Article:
Retail bonds: What investors should look for
Almost all retail bonds are secured against a company as a whole, rather than specific assets such as property, and if the company is in financial trouble you'll find yourself in a queue of creditors.
But bondholders stand ahead of ordinary shareholders, so if the company is one you'd normally consider buying shares in, not only is your capital safer but your bond interest payment or coupon is also safer than an equivalent dividend.
But that comes at a price. "It is worth remembering you won't get the upside in bonds [either in price or in income] that you may get in equities," says Hargreaves Lansdown's investment analyst Rob Morgan.
You won't find much investment research on retail bonds. The prospectus is usually on the issuer's website but understanding the capital structure, seniority and covenant details is not easy. On top of any research you do, you need to be confi dent in the strength of the company.
Rise and fall
It's worth bearing in mind that bond prices aren't immune to the same news and rumours that affect shares. A company that issues a profit warning may well suffer a fall in bond prices, though generally less severe than that which afflicts shareholders.
Bonds have tax advantages as most pay coupons gross and are exempt from capital gains tax. But because bond coupons are taxed as income, tax wrappers are still important.
However, issues with less than five years to run are not eligible for individual savings accounts but can be put in personal pensions. If you sell your bond before the coupon is due, you'll get a pro-rata portion of the payment, known as 'accrued interest'.
Diversification is key when investing in retail bonds. You need to offset risk by having a number of holdings, just as with shares. A new Fixed Income Order Book (fiob.co.uk) has been set up to provide retail investors with an opportunity to cut the bid-to-offer spreads that hamper trading in all but the most liquid bonds that aren't yet on the ORB.
A document which describes and advertises a new share issue or flotation (IPO in US) to potential investors, the contents of which are regulated by UK company law, the Financial Services Authority (FSA) and the London Stock Exchange. The prospectus should include details such as a description of the company’s business, financial statements, biographies of executives and directors, detailed information about their remuneration, any current litigation, a list of assets and other information deemed relevant for consideration by a prospective investor.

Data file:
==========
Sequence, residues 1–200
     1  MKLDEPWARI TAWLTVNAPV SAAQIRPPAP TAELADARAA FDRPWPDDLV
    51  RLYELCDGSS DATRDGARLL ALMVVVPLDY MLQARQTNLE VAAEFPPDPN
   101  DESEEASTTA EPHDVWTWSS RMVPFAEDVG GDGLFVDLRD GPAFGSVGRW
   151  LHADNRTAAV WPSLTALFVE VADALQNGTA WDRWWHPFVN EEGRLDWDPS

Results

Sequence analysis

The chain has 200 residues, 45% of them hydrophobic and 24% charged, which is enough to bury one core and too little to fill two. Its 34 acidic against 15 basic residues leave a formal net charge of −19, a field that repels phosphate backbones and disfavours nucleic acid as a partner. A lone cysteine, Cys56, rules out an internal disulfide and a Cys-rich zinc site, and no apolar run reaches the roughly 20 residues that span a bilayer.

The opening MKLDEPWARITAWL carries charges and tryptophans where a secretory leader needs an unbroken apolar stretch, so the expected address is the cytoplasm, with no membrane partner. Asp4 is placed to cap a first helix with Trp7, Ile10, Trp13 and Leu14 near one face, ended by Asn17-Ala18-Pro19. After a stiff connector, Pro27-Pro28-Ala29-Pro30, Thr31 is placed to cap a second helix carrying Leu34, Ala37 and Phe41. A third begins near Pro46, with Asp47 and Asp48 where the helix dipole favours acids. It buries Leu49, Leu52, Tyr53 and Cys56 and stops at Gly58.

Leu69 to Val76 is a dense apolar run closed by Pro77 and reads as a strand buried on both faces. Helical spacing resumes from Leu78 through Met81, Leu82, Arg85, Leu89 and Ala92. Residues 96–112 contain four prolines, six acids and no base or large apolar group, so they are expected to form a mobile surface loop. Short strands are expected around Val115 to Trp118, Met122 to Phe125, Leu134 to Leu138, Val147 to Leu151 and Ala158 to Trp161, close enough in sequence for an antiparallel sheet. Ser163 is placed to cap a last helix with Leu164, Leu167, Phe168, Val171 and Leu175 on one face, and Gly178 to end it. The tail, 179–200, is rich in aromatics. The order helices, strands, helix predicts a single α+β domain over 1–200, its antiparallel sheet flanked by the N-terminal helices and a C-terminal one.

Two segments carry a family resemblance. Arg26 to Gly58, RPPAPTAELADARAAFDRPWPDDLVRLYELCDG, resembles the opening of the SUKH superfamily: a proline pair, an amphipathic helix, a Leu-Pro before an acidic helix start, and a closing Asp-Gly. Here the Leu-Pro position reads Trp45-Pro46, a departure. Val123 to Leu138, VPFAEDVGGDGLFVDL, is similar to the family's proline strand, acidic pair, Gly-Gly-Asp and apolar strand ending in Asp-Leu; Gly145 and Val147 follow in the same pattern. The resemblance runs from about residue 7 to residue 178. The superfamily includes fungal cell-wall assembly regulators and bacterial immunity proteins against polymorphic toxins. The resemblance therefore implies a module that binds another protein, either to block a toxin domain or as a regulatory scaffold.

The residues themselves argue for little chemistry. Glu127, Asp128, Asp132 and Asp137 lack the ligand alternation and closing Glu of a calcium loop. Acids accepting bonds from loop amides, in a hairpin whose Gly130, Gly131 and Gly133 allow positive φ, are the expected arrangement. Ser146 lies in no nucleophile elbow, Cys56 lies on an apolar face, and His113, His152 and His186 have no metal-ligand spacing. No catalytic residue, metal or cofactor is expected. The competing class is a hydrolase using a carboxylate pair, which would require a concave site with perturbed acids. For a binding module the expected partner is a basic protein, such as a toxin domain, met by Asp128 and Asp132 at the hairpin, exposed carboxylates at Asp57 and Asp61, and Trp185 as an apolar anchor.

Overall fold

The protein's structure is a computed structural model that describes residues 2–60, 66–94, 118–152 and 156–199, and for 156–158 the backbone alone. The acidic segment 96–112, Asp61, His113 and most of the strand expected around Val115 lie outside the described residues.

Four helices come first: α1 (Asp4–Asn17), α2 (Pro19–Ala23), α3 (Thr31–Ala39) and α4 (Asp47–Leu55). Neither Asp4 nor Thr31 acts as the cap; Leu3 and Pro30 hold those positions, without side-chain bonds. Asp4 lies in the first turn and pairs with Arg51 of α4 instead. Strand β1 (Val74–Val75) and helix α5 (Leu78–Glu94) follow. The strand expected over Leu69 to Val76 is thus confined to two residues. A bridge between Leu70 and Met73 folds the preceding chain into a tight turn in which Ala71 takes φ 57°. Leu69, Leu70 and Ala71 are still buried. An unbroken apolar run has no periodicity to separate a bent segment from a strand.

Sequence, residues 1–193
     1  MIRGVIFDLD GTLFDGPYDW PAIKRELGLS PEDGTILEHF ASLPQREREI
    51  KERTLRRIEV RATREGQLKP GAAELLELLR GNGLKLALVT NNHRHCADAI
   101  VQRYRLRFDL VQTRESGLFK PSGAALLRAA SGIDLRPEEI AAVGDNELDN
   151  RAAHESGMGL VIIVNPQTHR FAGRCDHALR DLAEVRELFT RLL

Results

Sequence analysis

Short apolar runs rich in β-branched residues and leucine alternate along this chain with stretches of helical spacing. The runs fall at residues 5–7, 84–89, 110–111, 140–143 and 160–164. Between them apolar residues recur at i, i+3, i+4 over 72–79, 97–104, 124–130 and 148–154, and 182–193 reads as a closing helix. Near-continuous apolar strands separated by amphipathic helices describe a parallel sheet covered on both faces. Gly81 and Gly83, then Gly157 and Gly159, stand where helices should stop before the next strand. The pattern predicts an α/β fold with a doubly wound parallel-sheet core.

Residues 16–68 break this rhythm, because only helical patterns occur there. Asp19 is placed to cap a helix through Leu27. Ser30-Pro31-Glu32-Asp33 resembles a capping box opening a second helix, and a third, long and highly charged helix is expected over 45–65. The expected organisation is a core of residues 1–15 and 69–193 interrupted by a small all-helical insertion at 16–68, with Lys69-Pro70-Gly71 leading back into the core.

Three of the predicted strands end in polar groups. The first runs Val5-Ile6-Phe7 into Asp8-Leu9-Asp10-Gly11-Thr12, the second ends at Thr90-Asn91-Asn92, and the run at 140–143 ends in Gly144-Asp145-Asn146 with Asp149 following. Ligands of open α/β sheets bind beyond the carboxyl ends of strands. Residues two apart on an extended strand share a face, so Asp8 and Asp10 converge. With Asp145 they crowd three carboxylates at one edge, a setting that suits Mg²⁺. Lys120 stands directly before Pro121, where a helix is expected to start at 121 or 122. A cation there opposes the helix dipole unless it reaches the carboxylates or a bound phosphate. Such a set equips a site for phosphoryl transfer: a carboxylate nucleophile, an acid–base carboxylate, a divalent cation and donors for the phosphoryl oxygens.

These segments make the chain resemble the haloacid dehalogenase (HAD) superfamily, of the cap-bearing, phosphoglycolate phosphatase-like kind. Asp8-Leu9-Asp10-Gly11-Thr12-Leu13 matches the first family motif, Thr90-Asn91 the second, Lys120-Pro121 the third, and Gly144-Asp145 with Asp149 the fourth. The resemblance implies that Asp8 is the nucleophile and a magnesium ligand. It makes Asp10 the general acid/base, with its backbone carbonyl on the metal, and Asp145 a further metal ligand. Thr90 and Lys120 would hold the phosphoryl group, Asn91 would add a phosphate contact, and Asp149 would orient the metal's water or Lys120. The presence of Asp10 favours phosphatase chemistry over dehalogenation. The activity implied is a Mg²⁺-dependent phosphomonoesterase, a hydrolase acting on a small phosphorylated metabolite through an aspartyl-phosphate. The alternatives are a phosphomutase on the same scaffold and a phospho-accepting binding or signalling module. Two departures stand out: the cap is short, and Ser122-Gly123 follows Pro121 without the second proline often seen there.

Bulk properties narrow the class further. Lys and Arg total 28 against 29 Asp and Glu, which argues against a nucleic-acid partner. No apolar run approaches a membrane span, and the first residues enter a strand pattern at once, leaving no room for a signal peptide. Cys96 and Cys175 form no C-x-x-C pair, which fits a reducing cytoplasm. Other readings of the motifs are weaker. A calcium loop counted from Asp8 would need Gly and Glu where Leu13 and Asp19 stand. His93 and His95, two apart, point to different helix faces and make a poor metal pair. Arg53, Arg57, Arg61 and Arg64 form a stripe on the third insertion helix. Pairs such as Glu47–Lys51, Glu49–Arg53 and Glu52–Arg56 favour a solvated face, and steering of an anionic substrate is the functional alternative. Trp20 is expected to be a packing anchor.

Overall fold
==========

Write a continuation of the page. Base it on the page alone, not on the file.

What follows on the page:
An interchangeable term for shares (UK) or stocks (US). Holders of equity shares in a company are entitled to the earnings and assets of a company after all the prior charges and demands on the company’s capital (chiefly its debts and liabilities) have been settled. To have equity in any asset is to own a piece of it, so holders of shares in a company effectively own a piece proportionate to the number of shares they hold. (See also Shares).
If you own shares in a company, you’re entitled to a slice of the profits and these are paid as dividends on top of any capital growth in the shares’ value. The amount of the dividend is down to the board of directors (who can decide not to pay a dividend and reinvest any profits in the company) and they will be paid twice yearly (announced at the AGM and six months later as an interim). Dividends are always declared as a sum of money rather than a percentage of the share’s price. Although dividends automatically receive a 10% tax credit from HM Revenue & Customs (HMRC), which takes the company having already paid corporation tax on its profits into account. Dividends are classed as income and, as such, are liable for personal taxation and so shareholders have to declare them to HMRC.
Capital gains tax
If you buy an asset – shares, a second home, arts and antiques – and then sell it at a later date and make a profit, that profit could be subject to CGT. You don’t pay CGT on selling your main home (which is why MPs “flipped” theirs so regularly) or any securities sheltered in an ISA. Individuals get an annual CGT allowance (£10,600 in 2010/2011) but if you have substantial assets it’s worth paying an accountant to sort it for you.